Nigeria: UK MPs Write Commonwealth On Insecurity in Nigeria

24 September 2020

Some members of the United Kingdom's House of Lords, the British upper legislative chamber, have petitioned the Commonwealth over the persistence of insurgency and farmer/herder crisis in Nigeria.

The lawmakers in a letter dated September 14, addressed to Patricia Scotland, Secretary-General of the Commonwealth, said failure of the Federal Government to protect Nigerians was a breach of its obligations under the Commonwealth Charter.

This was, however, challenged by the ruling All Progressives Congress, APC, which asked the UK lawmakers, led by Baroness Cox of the House of Lords to focus on the problems facing their country and allow Nigeria solve her problems her own way.

But the opposition, Peoples Democratic Party, PDP, disagreed with the ruling party, saying the security alert in the country raised by members of the British parliament is an indication of a vote of no confidence on President Muhammadu Buhari's government.

Those who signed the letter to the Commonwealth scribe include Baroness Cox, Lord Alton of Liverpool, Baroness Kennedy of the Shaws QC, Jim Shannon, MP, Lord Williams of Oystermouth ( a former Archbishop of Canterbury) and Lord Carey of Clifton, also a former Archbishop of Canterbury.

Others are Dr Christopher Cocksworth, Lord Bishop of Coventry; Philip Mounstephen, Lord Bishop of Truro; Lord Stoddart of Swindon; Lord Anderson of Swansea; Lord Cormack; Sir Geoffrey Nice, QC; Ayo Adedoyin of International Organization for Peace and Social Justice and Ewelina Ochab of Coalition for Genocide Response.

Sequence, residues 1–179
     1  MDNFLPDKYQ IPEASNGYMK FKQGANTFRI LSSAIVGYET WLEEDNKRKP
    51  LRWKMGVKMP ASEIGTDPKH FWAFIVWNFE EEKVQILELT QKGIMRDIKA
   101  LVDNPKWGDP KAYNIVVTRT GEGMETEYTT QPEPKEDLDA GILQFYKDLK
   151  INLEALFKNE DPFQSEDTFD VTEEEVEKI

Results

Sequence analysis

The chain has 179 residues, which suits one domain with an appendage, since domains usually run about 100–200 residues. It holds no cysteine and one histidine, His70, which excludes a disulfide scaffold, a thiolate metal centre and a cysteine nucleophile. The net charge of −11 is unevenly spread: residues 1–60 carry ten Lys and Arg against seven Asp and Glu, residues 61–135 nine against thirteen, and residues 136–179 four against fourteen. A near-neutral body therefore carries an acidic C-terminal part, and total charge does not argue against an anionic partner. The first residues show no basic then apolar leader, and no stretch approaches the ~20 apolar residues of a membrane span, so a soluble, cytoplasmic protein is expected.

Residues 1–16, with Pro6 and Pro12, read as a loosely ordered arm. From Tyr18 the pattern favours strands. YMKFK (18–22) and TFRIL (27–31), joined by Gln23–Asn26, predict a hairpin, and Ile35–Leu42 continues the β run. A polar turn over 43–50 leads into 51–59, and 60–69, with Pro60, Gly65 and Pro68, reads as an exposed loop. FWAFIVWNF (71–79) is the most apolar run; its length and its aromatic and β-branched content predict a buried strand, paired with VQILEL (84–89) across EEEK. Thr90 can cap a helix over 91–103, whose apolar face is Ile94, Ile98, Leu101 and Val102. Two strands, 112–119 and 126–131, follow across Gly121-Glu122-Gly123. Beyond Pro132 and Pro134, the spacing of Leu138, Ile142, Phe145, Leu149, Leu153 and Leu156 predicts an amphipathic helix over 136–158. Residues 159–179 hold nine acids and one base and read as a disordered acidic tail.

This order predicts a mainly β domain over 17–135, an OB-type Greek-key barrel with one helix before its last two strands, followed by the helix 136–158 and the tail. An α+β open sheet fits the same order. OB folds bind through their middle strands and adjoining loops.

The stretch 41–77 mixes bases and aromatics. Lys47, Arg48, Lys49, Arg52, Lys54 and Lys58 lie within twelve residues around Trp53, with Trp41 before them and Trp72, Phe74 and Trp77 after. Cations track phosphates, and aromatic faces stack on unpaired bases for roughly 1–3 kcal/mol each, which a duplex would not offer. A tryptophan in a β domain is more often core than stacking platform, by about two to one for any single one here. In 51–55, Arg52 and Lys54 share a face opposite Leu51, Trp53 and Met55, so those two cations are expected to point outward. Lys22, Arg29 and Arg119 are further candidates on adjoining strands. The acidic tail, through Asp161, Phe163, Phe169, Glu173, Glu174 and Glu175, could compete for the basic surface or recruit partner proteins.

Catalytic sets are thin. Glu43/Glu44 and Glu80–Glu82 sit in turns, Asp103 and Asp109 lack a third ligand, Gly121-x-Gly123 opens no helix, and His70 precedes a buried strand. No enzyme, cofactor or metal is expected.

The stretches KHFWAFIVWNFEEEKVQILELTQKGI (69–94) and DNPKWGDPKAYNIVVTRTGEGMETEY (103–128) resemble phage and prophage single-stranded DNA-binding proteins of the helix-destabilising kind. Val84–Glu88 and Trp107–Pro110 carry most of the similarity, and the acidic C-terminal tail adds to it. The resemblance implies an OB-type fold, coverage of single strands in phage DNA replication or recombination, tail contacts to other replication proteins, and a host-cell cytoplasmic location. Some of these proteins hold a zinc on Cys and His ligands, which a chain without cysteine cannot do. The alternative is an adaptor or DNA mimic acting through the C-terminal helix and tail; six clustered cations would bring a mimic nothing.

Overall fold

Mervyn Thomas, CSW; Dr Khataza Gondwe, CSW; Neville Kyrke-Smith of Aid to the Church in Need (UK); Dr John Eibner of Christian Solidarity International and Ann Buwalda of Jubilee Campaign also signed the letter.

'Elements of govt complicit in violence'

Referencing a report by the UK All-Party Parliamentary Group (APPG) for International Freedom of Religion or Belief, the lawmakers said thousands of civilians have been killed and that "elements of the Nigerian government may be complicit in violence".

The lawmakers asked that a probe be carried out into the killings and at the least ensure "adequate protection and aid for those suffering the loss of family members and the destruction of their homes and livelihoods."

The letter which said some of the signatories had met and spoken with Nigeria's former Chief of Army Staff, Lt. General Theophilus Danjuma, retd, quoted news reports attributed to him to the effect that the armed forces are not neutral and that they collude in the ethnic cleansing in riverine states by Fulani herders.

"He insists that villagers must defend themselves because 'depending on the armed forces' will result in them dying 'one by one'. The ethnic cleansing must stop," it quoted Danjuma as saying.

It however conceded that the signatories "recognize the important distinction between the Fulani in general (a diverse group of millions of people with hundreds of clans) and the sub-group of well armed, radicalized Fulani who carry out attacks."

The letter, titled "Nigeria: Unfolding Genocide?" read: "We write to highlight urgent concerns about escalating violence in Nigeria, where attacks, led by Boko Haram, Fulani herders and other Islamist militia continue in northern and central-belt states, with reports of increasing violence in the South-East.

'State's failure'

"The state's failure to protect its citizens is a clear breach of its obligations under the Commonwealth Charter in respect of human rights.